He adds that the added value of loans to individuals who are cash-strapped during transactions provides an opportunity for banks to extend their position further into mobile money payments.

Moreover, it is not just loans that banks can leverage on their massive balance sheets; they can also offer discounts and other services such as Buy Now, Pay Later (BNPL), a form of mobile hire purchase.

“The telcos (working with banks) came and put a value-add to payments. And now, what we have realized is customers are asking, ‘What is the next value-add to what we are doing now?’ And that is the loan,” Gachora said.

Analysts say the introduction of the bank-led paybill numbers as a rival to the paybill and ATM numbers provided by telecoms companies represents a new frontier in the battle for the country's vast mobile money payments landscape.

KCB, the country's largest bank by assets, is the latest to launch its paybill number, which it claims has zero transaction fees. Equity Bank's paybill number has already been a major rival to Safaricom's till number in the market, earning the lender massive revenues in fees. But it also charges less than Safaricom.

"The key downside for payment using telcos has been the cost despite the convenience. Banks are starting to catch up to get into the game. When you are a follower in innovation and need to build some sort of scale, pricing is an important lever," says Eric Musau, a financial analyst who heads upmarket research at Standard Investment Bank in Nairobi.

Despite the relatively higher costs on the telcos' mobile money platforms, the battle for dominance in the mobile payments market may have taken a new turn after the Central Bank of Kenya (CBK) allowed Safaricom and Airtel to increase the daily transaction limits on their mobile money platforms to Sh500,000, strengthening their ability to compete with commercial banks in the lucrative digital payments market.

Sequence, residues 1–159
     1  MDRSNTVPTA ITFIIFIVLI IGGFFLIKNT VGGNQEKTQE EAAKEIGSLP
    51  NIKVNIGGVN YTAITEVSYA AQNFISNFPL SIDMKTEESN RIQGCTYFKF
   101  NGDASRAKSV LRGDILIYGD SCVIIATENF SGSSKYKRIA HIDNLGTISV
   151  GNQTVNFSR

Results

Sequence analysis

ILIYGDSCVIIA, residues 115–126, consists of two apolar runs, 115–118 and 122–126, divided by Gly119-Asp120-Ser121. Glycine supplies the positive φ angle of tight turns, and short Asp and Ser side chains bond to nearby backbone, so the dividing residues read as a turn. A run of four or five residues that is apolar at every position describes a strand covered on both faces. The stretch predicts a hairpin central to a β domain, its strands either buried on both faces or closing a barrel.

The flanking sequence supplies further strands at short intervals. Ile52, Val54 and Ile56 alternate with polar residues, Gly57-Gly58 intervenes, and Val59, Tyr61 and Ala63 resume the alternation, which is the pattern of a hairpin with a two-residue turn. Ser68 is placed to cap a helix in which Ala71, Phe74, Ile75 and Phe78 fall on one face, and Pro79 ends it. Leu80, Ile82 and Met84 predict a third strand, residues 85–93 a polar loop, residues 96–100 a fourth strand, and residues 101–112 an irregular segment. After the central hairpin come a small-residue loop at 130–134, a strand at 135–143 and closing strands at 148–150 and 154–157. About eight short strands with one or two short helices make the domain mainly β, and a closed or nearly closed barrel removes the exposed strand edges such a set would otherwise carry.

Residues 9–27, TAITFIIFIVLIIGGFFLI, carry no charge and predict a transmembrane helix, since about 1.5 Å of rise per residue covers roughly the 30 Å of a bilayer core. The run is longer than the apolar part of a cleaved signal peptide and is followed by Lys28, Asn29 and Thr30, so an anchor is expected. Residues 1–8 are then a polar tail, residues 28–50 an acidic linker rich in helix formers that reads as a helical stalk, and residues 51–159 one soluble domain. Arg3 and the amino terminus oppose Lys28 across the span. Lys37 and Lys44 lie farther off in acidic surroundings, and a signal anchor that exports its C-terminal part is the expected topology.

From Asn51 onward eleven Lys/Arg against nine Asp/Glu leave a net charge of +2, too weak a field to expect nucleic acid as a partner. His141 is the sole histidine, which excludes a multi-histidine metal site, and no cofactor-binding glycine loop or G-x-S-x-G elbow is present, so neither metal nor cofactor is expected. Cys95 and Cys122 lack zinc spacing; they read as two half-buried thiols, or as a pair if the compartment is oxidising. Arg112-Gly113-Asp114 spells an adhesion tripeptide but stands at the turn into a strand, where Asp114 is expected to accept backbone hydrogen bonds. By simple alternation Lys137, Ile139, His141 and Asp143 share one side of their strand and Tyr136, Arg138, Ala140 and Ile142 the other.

Individuals and businesses will also be allowed to hold half a million shillings in their telco wallets as mobile money evolves from person-to-person payments to an e-commerce tool. Previously, users were allowed to hold up to Sh300,000 in their wallets.

“The underlying ecosystem of Mpesa is very strong. If you see the volumes, they are growing 32.0 percent, value is growing 32.0 percent. The number of transactions per customer per month is growing by 16.0 percent and this means that customers are finding more and more use cases for them to use Mpesa. So, I am not at all worried about the Mpesa business,” says Dilip Pal.

The apex bank, CBK, expects mobile money to continue to consolidate its position as a fast-growing alternative to cash and traditional electronic payments such as cheques in Kenya's payments ecosystem.

"The volume and value of cheques continues to decline relative to the size of the economy, as individuals and businesses increasingly use other electronic payment instruments such as the Kenya Electronic Payments Settlement System and mobile money.

In 2010, the value of cheques was Sh1.8 trillion or 57 per cent of GDP. This has steadily declined to the current level of 22 per cent in 2021," the CBK said.